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Appendicitis & CT

trauma-list@trauma.org trauma-list@trauma.org
Thu, 24 Apr 2003 20:02:53 EDT


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In a message dated 4/23/2003 11:49:16 PM Eastern Daylight Time, 
pandanas@OregonFAST.net writes:

> Now, my question is, as a non surgeon, in a acute abdomen of non clear
> etiology, what do you do? to CT or not CT?
> 

You examine the patient (pretty novel, huh?), order a minimum of simple tests 
(maybe WBC, lipase, CXR, KUB), and then--use some clinical acumen.  And guess 
what?  In the great majority of these cases, nothing more is necessary!  
Surprised?  If so, you need a lot more experience with the acute abdomen and 
surgical diseases--and ordering more expensive and exotic tests does not 
substitute for some thinking, reading, studying and clinical experience.  It 
is done because the former is much easier, and usually only by those who have 
no responsibility for the ultimate care and welfare of the patient.  You must 
remember--before about 20 years ago there was no CT---and guess what?  The 
diagnosis of the acute abdomen was no different!  The use of CT has done 
NOTHING to improve diagnosis, reduce hospital stay, reduce morbidity, --it 
CERTAINLY increases costs--from diseases presenting with acute abdominal 
pain, over a large population.  IF you assert otherwise, please refer us all 
to the citation demonstrating such?  I will be happy to refer you to the data 
(for about the fourth time in the last 2 weeks) showing it has made no 
difference in a statewide population
ERF

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<HTML><FONT FACE=3Darial,helvetica><FONT  SIZE=3D2 FAMILY=3D"SANSSERIF" FACE=
=3D"Arial" LANG=3D"0">In a message dated 4/23/2003 11:49:16 PM Eastern Dayli=
ght Time, pandanas@OregonFAST.net writes:<BR>
<BR>
<BLOCKQUOTE TYPE=3DCITE style=3D"BORDER-LEFT: #0000ff 2px solid; MARGIN-LEFT=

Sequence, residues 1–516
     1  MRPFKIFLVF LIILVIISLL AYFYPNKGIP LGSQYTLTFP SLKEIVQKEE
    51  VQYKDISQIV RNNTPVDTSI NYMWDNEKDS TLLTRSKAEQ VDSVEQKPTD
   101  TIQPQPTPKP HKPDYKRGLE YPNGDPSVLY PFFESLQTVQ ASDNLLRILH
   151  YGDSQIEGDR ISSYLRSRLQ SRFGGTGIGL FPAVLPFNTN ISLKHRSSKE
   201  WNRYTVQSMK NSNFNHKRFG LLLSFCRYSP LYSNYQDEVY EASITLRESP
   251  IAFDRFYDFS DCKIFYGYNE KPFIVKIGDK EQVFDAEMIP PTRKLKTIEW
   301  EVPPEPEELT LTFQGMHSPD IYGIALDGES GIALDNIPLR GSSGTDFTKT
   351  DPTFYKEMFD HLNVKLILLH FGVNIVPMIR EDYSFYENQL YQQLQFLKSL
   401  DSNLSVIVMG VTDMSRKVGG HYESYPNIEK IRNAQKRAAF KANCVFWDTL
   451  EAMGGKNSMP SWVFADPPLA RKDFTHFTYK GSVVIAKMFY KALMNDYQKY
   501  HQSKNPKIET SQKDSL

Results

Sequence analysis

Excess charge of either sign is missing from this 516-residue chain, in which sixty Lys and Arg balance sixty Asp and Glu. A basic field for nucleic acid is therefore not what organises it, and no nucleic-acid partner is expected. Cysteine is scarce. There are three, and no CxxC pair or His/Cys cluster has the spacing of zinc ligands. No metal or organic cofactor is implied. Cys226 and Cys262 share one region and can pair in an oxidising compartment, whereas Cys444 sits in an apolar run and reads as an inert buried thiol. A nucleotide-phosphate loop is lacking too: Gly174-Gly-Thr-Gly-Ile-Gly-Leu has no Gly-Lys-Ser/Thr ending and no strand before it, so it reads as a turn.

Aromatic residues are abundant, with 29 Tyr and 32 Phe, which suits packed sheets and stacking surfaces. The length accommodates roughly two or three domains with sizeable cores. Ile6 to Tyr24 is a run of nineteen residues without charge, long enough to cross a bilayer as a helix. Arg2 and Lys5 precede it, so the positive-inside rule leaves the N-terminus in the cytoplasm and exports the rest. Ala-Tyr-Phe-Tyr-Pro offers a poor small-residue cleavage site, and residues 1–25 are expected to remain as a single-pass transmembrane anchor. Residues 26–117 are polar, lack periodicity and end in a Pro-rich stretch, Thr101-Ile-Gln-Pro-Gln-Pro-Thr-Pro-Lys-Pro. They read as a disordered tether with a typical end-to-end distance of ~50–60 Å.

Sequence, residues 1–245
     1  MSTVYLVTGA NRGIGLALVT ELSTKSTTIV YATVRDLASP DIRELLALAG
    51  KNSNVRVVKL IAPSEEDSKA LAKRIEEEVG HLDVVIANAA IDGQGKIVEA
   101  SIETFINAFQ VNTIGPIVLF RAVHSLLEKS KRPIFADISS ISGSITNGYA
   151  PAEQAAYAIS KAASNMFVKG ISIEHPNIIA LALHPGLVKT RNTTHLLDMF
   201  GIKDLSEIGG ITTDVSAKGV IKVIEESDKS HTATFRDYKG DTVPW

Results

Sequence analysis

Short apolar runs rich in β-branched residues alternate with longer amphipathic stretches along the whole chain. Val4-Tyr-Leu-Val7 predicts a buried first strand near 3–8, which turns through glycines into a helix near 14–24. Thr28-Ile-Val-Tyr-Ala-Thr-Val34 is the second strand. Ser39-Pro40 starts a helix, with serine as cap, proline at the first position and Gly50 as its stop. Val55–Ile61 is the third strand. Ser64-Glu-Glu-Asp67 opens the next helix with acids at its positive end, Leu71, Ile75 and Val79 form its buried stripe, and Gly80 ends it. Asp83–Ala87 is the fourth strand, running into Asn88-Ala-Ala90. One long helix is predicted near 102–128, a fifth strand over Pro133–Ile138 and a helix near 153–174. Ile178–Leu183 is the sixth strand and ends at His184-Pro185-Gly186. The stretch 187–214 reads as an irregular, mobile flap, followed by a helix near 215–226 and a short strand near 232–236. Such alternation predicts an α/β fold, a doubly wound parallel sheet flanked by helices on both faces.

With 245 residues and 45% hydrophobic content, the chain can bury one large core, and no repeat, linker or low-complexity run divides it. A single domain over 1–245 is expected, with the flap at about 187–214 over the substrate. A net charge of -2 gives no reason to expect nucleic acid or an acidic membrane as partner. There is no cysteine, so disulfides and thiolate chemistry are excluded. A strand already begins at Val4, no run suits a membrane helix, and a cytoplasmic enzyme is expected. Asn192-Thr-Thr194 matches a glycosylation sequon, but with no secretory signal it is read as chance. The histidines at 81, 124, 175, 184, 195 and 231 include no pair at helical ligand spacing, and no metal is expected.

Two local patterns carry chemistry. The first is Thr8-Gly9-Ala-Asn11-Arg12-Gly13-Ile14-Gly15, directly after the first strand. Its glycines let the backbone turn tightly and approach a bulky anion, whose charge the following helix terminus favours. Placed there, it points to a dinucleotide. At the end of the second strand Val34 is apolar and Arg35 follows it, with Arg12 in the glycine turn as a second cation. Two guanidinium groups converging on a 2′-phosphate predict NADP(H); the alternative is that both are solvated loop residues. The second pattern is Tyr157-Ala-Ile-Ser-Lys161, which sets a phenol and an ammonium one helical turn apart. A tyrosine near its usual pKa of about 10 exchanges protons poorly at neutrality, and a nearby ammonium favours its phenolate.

: 5px; MARGIN-RIGHT: 0px; PADDING-LEFT: 5px">Now, my question is, as a non s=
urgeon, in a acute abdomen of non clear<BR>
etiology, what do you do? to CT or not CT?<BR>
</BLOCKQUOTE><BR>
<BR>
You examine the patient (pretty novel, huh?), order a minimum of simple test=
s (maybe WBC, lipase, CXR, KUB), and then--use some clinical acumen.&nbsp; A=
nd guess what?&nbsp; In the great majority of these cases, nothing more is n=
ecessary!&nbsp; Surprised?&nbsp; If so, you need a lot more experience with=20=
the acute abdomen and surgical diseases--and ordering more expensive and exo=
tic tests does not substitute for some thinking, reading, studying and clini=
cal experience.&nbsp; It is done because the former is much easier, and usua=
lly only by those who have no responsibility for the ultimate care and welfa=
re of the patient.&nbsp; You must remember--before about 20 years ago there=20=
was no CT---and guess what?&nbsp; The diagnosis of the acute abdomen was no=20=
different!&nbsp; The use of CT has done NOTHING to improve diagnosis, reduce=
 hospital stay, reduce morbidity, --it CERTAINLY increases costs--from disea=
ses presenting with acute abdominal pain, over a large population.&nbsp; IF=20=
you assert otherwise, please refer us all to the citation demonstrating such=
?&nbsp; I will be happy to refer you to the data (for about the fourth time=20=
in the last 2 weeks) showing it has made no difference in a statewide popula=
tion<BR>
ERF</FONT></HTML>

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